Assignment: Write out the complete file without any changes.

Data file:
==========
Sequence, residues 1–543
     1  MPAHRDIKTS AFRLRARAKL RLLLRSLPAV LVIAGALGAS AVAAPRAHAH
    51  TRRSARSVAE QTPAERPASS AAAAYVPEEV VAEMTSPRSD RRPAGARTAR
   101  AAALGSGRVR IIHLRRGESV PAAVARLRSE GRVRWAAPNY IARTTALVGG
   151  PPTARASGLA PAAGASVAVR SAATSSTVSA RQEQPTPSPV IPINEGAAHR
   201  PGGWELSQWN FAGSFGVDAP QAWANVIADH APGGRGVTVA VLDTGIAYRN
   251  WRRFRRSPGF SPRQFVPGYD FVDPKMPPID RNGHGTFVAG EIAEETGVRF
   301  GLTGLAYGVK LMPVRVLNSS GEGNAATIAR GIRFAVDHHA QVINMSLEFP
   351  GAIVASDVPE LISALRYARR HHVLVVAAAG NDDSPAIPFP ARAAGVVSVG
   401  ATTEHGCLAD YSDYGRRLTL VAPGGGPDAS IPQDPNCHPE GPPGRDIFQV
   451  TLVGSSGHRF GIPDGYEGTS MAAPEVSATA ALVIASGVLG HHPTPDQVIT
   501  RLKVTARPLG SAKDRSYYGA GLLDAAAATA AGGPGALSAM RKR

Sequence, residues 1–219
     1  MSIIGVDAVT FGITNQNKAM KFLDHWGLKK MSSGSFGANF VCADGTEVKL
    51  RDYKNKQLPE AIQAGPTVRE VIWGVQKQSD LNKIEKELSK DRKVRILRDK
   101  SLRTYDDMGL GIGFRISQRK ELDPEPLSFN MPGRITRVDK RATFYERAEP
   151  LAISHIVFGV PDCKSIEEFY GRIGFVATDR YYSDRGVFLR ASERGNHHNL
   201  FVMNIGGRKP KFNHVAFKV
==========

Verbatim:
Sequence, residues 1–543
     1  MPAHRDIKTS AFRLRARAKL RLLLRSLPAV LVIAGALGAS AVAAPRAHAH
    51  TRRSARSVAE QTPAERPASS AAAAYVPEEV VAEMTSPRSD RRPAGARTAR
   101  AAALGSGRVR IIHLRRGESV PAAVARLRSE GRVRWAAPNY IARTTALVGG
   151  PPTARASGLA PAAGASVAVR SAATSSTVSA RQEQPTPSPV IPINEGAAHR
   201  PGGWELSQWN FAGSFGVDAP QAWANVIADH APGGRGVTVA VLDTGIAYRN
   251  WRRFRRSPGF SPRQFVPGYD FVDPKMPPID RNGHGTFVAG EIAEETGVRF
   301  GLTGLAYGVK LMPVRVLNSS GEGNAATIAR GIRFAVDHHA QVINMSLEFP
   351  GAIVASDVPE LISALRYARR HHVLVVAAAG NDDSPAIPFP ARAAGVVSVG
   401  ATTEHGCLAD YSDYGRRLTL VAPGGGPDAS IPQDPNCHPE GPPGRDIFQV
   451  TLVGSSGHRF GIPDGYEGTS MAAPEVSATA ALVIASGVLG HHPTPDQVIT
   501  RLKVTARPLG SAKDRSYYGA GLLDAAAATA AGGPGALSAM RKR

Sequence, residues 1–219
     1  MSIIGVDAVT FGITNQNKAM KFLDHWGLKK MSSGSFGANF VCADGTEVKL
    51  RDYKNKQLPE AIQAGPTVRE VIWGVQKQSD LNKIEKELSK DRKVRILRDK
   101  SLRTYDDMGL GIGFRISQRK ELDPEPLSFN MPGRITRVDK RATFYERAEP
   151  LAISHIVFGV PDCKSIEEFY GRIGFVATDR YYSDRGVFLR ASERGNHHNL
   201  FVMNIGGRKP KFNHVAFKV